Almost 40 years ago a group of mothers gathered in the Plaza de Mayo in Buenos Aires to demand information about their children who had been ‘disappeared’. They were not allowed to stand in protest, they had to keep moving so they walked around the plaza. Every Thursday at 3.30pm, they continue that protest, even today. Their symbol is that of a white headscarf, which has become synonymous with any human rights protest in Argentina and further afield. The original mothers are old ladies now and are treated with great respect as they arrive in the plaza, wearing their white headscarves.
This group, which is now two groups, each with a slightly different focus, is supported by a range of local people and by tourists, like us, who feel privileged to be able to show solidarity with these amazing women by walking a little with them. Sharing these images is an important support, too, as their messages still need to be heard in the world.
Note the ‘Casa Rosada’ in the background of some of the pictures. This is the president’s official residence. While the protest has moved on from the 1970s and 80s, there is still an important message here about the opening of record archives so that the fate of the disappeared can be known and those responsible can be brought to justice.
We went from Buenos Aires to the Tigre Delta by train, taking the ‘scenic’ route on the way out. It wasn’t all that scenic so we came back the direct way. Once there, we took a public boat, as opposed to a tour boat trip, and got off at ‘Tres Bocas’, which is a point in the delta where there are three river ‘mouths’ (‘bocas’). Water buses are always great fun, as long as you are prepared to hop off while it all seems a bit unstable. It’s only you that is unstable – everyone else could do it with their eyes closed.
We wandered along a path by a smaller waterway. I don’t know the term for part of a part of a river in a delta. All the houses had their decks built out over the water. These were places to relax, to get in and out of boats and to communicate with neighbours and passing visitors in a range of boat types. A boy of about 10 met us on the path with a handout about his family’s restaurant. Why not? As we sat on the ‘deck’ (that’s not the right word either) he offered us wifi. No thanks. Why would we want to ruin this idyllic lunch by looking at a dev?
Instead we chatted to the boy about his life here, where there is both a primary and secondary school. His grandfather then started a conversation about the peace process in Colombia, as you do when you have a Colombian to lunch. He then invited us to look at their ‘Colombia jacuzzi’. They had planned a holiday in Colombia when they had an offer to build a swimming pool and jacuzzi for the same price. They opted for the latter – hence the name.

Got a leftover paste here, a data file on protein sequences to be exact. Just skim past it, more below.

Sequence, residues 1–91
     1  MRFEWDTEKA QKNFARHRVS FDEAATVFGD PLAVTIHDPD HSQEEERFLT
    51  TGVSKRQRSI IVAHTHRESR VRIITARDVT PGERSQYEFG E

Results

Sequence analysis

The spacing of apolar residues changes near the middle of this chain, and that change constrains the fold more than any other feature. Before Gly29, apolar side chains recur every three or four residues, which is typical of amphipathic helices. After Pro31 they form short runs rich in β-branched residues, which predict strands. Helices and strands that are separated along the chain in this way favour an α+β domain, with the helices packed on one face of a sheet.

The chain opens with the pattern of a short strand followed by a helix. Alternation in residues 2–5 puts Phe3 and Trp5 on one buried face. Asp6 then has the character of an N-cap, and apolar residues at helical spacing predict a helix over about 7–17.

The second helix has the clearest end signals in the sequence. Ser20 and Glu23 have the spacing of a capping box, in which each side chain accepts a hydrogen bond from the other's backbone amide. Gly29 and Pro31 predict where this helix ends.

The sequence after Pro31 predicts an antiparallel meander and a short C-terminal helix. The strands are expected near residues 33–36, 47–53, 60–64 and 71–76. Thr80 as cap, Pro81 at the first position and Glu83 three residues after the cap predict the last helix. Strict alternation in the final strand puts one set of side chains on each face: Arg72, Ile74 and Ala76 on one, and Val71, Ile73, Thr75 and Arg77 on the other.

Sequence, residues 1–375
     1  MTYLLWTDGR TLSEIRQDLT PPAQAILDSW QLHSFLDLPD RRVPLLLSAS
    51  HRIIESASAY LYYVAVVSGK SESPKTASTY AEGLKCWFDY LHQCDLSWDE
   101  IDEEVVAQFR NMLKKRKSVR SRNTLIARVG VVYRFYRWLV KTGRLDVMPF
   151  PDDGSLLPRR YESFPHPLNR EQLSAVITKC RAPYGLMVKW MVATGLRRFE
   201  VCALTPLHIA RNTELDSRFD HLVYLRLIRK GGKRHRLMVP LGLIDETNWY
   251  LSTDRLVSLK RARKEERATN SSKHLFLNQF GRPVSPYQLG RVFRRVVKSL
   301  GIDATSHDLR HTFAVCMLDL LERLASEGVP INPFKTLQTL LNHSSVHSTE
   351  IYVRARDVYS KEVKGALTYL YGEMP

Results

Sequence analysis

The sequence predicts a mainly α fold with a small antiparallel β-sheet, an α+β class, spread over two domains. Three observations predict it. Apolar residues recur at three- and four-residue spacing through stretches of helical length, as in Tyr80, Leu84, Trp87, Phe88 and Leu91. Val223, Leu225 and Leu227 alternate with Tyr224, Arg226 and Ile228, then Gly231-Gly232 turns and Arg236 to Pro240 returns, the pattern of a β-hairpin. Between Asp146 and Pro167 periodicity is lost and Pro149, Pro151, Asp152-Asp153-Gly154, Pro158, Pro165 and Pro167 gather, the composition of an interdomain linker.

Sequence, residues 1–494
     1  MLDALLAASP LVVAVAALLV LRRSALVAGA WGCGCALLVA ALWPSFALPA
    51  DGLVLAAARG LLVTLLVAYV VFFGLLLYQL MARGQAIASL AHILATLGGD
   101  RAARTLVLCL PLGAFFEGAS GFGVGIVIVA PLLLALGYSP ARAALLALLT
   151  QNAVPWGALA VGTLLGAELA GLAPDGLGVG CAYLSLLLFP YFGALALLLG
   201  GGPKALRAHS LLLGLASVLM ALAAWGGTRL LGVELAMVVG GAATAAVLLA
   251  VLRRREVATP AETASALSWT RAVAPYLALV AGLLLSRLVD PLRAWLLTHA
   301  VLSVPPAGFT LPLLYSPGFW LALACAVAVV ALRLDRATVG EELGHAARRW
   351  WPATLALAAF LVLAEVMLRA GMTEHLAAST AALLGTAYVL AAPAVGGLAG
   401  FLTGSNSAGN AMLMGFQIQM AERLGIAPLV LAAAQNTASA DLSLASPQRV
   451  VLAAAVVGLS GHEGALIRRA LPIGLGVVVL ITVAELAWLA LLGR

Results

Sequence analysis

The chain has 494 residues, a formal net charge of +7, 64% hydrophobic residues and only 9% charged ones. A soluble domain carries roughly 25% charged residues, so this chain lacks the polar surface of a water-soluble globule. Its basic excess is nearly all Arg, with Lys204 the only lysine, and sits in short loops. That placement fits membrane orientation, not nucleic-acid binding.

It wasn’t quite ready for the tourist season so we didn’t get to have a shot of it this time. Instead we almost fell in the muddy water, saw some woodpeckers and generally had a fascinating walk around the area before, literally, jumping on a boat-bus back to Tigre.
What a way to see Buenos Aires! We took a biking tour on bamboo bikes. The company, Urban Biking, really deserves a shout-out! They have a great concept, are a very eco-conscious company and provided us with a memorable day. Our guide is about to graduate with a degree in history and teaching, so all the information he shared was set in a historical context. We learnt formal and informal things about this city with a complex history.
My favourite story of the day was that of Corina Kavanagh, from Ireland. She was from a wealthy family and, by the 1930s, they had bought a lot of land hereabouts. She had a romance with a young fella who was the son of a local aristocratic family – the Anchorenas. Well, no – that wouldn’t do. The family objected and the romance could not proceed. They didn’t know that you shouldn’t mess with an Irishwoman. The Anchorenas had just built a lovely new church, the basílica del Santísimo Sacramento. Hell hath no fury like a woman scorned, they say. In 1935 Corina built the tallest building in the city, right in front of the basilica. It is still widely admired but, in order even to see the basilica, you have to go into the private grounds of that Kavanagh building. That’s what I call having a strop!
La Boca was wonderful and deserves a longer visit. Unlike the so-very-white population of most of the rest of the city people here are of a range of heritages and have a diverse and vibrant cultural mix.
If it was ever possible to register for anything on the web in this country, we could register for the Ecocity bikes and have them for free for an hour a time. But doing an
y stuff like that on the web here is impossible – I don’t know why, the connection is ok but you can’t register, or pay, or can fail at any of the stages. No-one disagrees, they just shrug in a South American kind of way.
Buenos Aires looks lovely, even on a rainy day. This old building is across the street from my hotel window and I feel like I am in a movie, just looking at it.
Speaking about looking, you should never look up when walking around this city. If you want to admire the buildings, old or new, you must stop and look up. Otherwise you will surely fall over and break at least one of your limbs. The state of the pavements here makes Bogota’s streets look like a newly-laid child’s playground.
It felt like home to see a collection of dead umbrellas in a bin this morning. The wind was very fierce and it was madness to try to use an umbrella at all, but since when did not stop the umbrella faithful?